15. The electronic device according to claim 13, further comprising row drivers including:
the row voltage generating means;
first row driving means coupled to the row voltage generating means for applying the first set of row voltages to the first display segment during the first set of time periods; and
second row driving means coupled to the row voltage generating means for applying the second set of row voltages to the second display segment during the second set of time periods.
16. The electronic device according to claim 13, wherein:
the electronic device is a radio communication device which further comprises a decoder coupled to the receiver for recovering the image data from a radio frequency signal received by the radio communication device.
17. The electronic device according to claim 13, further comprising:
column drivers coupled to the transforming circuitry for driving the columns of the display with the first set of column voltages during the first set of time periods and for driving the columns of the display with the second set of column voltages during the second set of time periods.
Description
FIELD OF THE INVENTION

This invention relates in general to displays for displaying image data, and more specifically to a method and apparatus for reducing discontinuities in active-addressed displays.

BACKGROUND OF THE INVENTION

An example of a direct multiplexed, rms (root means square) responding electronic display is the well-known liquid crystal display (LCD). In such a display, a nematic liquid crystal material is positioned between two parallel glass plates having electrodes applied to each surface in contact with the liquid crystal material. The electrodes typically are arranged in vertical columns on one plate and horizontal rows on the other plate for driving a picture element (pixel) wherever a column and row electrode overlap.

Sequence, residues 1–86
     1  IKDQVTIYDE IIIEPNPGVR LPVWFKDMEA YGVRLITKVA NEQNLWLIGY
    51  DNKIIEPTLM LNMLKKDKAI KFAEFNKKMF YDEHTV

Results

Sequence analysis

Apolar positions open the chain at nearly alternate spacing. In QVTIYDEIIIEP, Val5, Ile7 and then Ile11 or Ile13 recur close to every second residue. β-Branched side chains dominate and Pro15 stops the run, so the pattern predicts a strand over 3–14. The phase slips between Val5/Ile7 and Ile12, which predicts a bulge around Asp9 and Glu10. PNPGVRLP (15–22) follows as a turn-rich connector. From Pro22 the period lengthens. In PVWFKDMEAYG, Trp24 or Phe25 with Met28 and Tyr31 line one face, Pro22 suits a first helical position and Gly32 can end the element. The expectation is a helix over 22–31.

In rms-responding displays, the optical state of a pixel is substantially responsive to the square of the voltage applied to the pixel, i.e., the difference in the voltages applied to the electrodes on the opposite sides of the pixel. LCDs have an inherent time constant that characterizes the time required for the optical state of a pixel to return to an equilibrium state after the optical state has been modified by changing the voltage applied to the pixel. Recent technological advances have produced LCDs with time constants (approximately 16.7 milliseconds) approaching the frame period used in many video displays. Such a short time constant allows the LCD to respond quickly and is especially advantageous for depicting motion without noticeable smearing or flickering of the displayed image.

Conventional direct multiplexed addressing methods for LCDs encounter a problem when the display time constant approaches the frame period. The problem occurs because conventional direct multiplexed addressing methods subject each pixel to a short duration "selection" pulse once per frame. The voltage level of the selection pulse is typically 7-13 times higher than the rms voltages averaged over the frame period. The optical state of a pixel in an LCD having a short time constant tends to return towards an equilibrium state between selection pulses, resulting in lowered image contrast, because the human eye integrates the resultant brightness transients at a perceived intermediate level. In addition, the high level of the selection pulse can cause alignment instabilities in some types of LCDs.